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Old 12-03-2013, 02:56 AM   #1
Registered: Oct 2013
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Port open but not accessible from outside

I wanted to understand a certain behavior towards accessing a port on our RHEL 5X servers. The local IP of the server is and when I do:

netstat -tupln | grep 1399

it shows that the port is open.

But, when I try to access from another machine with local IP on the same VMware setup

telnet 1399

it says connection refused. There is no IPTABLES restriction also.

I hope my question is clear.

Please revert with the reply to my query.

Old 12-03-2013, 03:59 AM   #2
Registered: Oct 2013
Distribution: Linux Mint 18.3 (64)
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...Technically, a given port being "open" (in this context, reachable) is not enough for a communication channel to be established. There needs to be an application (service) listening on that port, accepting the incoming packets and processing them. If there is no application listening on a port, incoming packets to that port will simply be rejected by the computer's operating system.

Last edited by Zyblin; 12-03-2013 at 04:00 AM.
Old 12-03-2013, 04:12 AM   #3
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Thanks a ton for your reply. So, does it mean that the usual port 80 is served by the httpd application and we can connect to the machine like,

telnet <IP> 80?

Request a revert so that it can clear the concepts in totality.
Old 12-03-2013, 04:20 AM   #4
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Here is a link and the info from that link that may help you a little more with port 80. They talk about two things here that don't apply to your question, their firewall test and Microsoft. Just ignore that part ;-)

TCP 80

TCP Port 80 may use a defined protocol to communicate depending on the application. A protocol is a set of formalized rules that explains how data is communicated over a network. Think of it as the language spoken between computers to help them communicate more efficiently.

Protocol HTTP for example defines the format for communication between internet browsers and web sites. Another example is the IMAP protocol that defines the communication between IMAP email servers and clients or finally, the SSL protocol which states the format to use for encrypted communications.
TCP Port 80

Here is what we know about protocol TCP Port 80. If you have information on TCP port 80 that is not reflected on this page, simply leave a comment and we’ll update our information.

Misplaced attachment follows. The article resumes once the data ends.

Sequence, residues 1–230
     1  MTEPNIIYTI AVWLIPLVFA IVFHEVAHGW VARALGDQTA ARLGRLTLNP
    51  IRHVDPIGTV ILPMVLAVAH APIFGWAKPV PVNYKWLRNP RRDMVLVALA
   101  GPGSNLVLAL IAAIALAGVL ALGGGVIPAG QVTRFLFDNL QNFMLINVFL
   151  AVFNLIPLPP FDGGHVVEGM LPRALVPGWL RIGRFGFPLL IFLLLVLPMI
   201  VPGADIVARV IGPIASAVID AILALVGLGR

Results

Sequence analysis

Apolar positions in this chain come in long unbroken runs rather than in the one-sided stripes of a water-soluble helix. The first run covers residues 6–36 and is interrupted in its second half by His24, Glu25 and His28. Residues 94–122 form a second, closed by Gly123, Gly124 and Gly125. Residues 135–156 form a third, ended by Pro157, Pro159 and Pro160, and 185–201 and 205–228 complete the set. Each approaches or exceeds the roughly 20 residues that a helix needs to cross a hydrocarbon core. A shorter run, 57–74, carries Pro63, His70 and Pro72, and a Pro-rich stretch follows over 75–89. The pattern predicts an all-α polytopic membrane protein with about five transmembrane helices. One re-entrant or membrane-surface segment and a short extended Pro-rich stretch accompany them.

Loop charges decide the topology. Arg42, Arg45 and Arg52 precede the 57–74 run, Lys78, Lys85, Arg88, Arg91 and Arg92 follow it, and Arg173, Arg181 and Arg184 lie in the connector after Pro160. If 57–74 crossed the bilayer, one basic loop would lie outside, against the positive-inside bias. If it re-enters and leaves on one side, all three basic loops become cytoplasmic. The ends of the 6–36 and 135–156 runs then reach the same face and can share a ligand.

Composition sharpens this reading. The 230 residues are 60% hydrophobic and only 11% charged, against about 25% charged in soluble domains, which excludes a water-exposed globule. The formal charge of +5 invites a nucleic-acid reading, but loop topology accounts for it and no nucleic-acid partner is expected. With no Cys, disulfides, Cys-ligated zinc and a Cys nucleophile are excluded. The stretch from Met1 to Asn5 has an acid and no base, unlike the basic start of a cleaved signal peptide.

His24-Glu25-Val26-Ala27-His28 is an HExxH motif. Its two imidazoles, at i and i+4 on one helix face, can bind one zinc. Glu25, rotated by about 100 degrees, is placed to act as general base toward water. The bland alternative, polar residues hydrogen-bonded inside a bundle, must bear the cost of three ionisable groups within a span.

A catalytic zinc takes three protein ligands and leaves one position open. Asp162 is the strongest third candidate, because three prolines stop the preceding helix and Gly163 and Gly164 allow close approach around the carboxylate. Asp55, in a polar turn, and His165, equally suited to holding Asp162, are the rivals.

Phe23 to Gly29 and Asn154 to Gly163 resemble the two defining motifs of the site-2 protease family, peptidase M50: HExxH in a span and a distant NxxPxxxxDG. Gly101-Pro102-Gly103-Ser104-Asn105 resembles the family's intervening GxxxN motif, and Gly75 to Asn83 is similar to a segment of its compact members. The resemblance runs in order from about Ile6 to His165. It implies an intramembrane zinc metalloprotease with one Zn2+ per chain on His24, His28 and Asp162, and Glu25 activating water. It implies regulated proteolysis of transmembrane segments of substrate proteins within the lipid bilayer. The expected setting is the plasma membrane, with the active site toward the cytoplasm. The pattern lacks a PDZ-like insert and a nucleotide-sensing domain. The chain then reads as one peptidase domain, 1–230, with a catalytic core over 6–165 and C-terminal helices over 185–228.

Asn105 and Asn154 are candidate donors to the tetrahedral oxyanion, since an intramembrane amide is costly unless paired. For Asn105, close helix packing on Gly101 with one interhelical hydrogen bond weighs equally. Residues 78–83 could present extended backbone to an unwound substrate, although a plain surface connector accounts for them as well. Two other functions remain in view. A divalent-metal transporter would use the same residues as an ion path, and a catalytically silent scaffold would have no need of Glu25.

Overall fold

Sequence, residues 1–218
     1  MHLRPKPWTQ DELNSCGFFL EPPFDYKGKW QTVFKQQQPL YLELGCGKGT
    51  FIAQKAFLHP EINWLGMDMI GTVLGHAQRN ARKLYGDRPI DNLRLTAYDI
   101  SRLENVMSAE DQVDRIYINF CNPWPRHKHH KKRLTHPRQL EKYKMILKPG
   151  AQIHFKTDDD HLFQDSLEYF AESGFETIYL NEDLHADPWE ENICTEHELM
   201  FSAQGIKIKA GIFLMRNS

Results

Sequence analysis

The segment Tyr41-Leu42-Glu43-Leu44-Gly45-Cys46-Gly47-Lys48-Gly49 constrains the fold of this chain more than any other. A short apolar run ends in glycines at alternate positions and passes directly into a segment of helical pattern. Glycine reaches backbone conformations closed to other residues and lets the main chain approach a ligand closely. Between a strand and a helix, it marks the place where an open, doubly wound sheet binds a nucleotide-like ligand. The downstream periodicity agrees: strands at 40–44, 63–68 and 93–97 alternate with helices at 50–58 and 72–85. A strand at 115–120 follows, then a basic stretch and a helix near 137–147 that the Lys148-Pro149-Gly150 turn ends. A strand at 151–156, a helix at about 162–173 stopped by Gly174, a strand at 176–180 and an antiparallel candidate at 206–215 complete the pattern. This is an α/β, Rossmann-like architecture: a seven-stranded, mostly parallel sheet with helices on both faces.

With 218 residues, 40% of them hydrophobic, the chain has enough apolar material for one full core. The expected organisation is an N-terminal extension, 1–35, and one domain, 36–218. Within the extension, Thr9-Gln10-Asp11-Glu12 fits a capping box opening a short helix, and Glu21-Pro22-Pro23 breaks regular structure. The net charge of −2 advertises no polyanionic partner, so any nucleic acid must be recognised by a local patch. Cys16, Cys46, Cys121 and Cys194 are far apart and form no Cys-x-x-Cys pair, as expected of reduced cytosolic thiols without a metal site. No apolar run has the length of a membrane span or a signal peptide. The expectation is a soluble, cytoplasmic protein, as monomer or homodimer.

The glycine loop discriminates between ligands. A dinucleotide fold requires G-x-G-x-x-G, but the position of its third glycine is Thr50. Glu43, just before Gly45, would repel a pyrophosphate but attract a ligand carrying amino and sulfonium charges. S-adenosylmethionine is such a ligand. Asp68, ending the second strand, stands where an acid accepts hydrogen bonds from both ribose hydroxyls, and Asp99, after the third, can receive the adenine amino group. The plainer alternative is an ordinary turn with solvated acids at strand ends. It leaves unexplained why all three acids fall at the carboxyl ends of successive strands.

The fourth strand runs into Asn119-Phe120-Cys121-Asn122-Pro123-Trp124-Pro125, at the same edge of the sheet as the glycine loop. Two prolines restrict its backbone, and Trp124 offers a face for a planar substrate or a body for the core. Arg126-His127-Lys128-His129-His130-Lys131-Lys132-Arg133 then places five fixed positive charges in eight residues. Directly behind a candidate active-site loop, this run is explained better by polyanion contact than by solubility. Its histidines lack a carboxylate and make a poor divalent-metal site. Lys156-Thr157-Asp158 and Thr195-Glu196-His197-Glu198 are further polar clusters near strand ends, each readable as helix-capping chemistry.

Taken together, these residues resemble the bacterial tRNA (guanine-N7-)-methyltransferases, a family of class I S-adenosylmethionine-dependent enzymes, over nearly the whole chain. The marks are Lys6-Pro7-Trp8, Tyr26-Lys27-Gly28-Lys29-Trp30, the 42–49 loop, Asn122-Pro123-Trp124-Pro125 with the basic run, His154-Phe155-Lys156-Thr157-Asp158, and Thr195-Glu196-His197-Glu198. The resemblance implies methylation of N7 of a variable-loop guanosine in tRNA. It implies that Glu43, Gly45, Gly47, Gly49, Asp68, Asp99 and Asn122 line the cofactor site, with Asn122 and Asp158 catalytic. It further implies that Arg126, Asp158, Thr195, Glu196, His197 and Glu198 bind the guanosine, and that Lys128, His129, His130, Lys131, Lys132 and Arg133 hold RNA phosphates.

PORT 80 is the default port used by Hypertext Transfer Protocol. When you visit a website, it serves your browser information over port 80. Unfortunately, because it’s so popular, it is also used by a number of viruses.

If you scanned your computer with our free firewall test and see that port 80 is open, and you have not set an application to use and listen on that port, then you may have a virus. What you need to do open your browser, type in your ip address and see what pops up? You can also install this free tool from Microsoft to check for open ports.

PORT 80 – More Information

Port Number: 80
Delivery: Yes
Protocol / Name: [Malware known as WebServerCT]
Port Description: [malware info: Web Server CT]
Virus / Trojan: Yes, Caution!
Use our free Digital Footprint and Firewall Test to help verify you are not infected.

Side note: TCP port 80 uses the Transmission Control Protocol. TCP is one of the main protocols in TCP/IP networks. Whereas the IP protocol deals only with packets, TCP enables two hosts to establish a connection and exchange streams of data. TCP guarantees delivery of data and also guarantees that packets will be delivered on port 80 in the same order in which they were sent. Guaranteed communication over port 80 is the key difference between TCP and UDP. UDP port 80 would not have guaranteed communication in the same way as TCP.

Because protocol TCP port 80 was flagged as a virus (colored red) does not mean that a virus is using port 80, but that a Trojan or Virus has used this port in the past to communicate.

Last edited by Zyblin; 12-03-2013 at 04:22 AM.
Old 12-04-2013, 01:23 AM   #5
Registered: Jan 2012
Location: South Africa
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Just in case you're still struggling, a few quick questions / suggestions:

* You mention the port, but not the protocol. I trust this is TCP. If UDP (or anything else), telnet won't connect to it
* Have you tried this test from the SAME machine, to eliminate the possibility of a problem on the other machine, or between them?
* Any TCP wrappers at play?

Good luck!
Old 12-05-2013, 02:53 AM   #6
Registered: May 2013
Distribution: Arch Linux
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Can the VMs ping eachother at all and can you verify that your system isn't actually listening to port 1399 on the loopback address?(i.e.,
Old 12-05-2013, 04:01 AM   #7
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Thanks for your reply. I did try a self telnet, the machine IP was and I did:


it works but how to check if the system is not listening to port 1399 on the loopback address, I mean what should be the command.

I hope, my query is clear. Requesting a revert.
Old 12-12-2013, 09:12 PM   #8
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netstat -tanp |grep 1399
netstat -uanp |grep 1399


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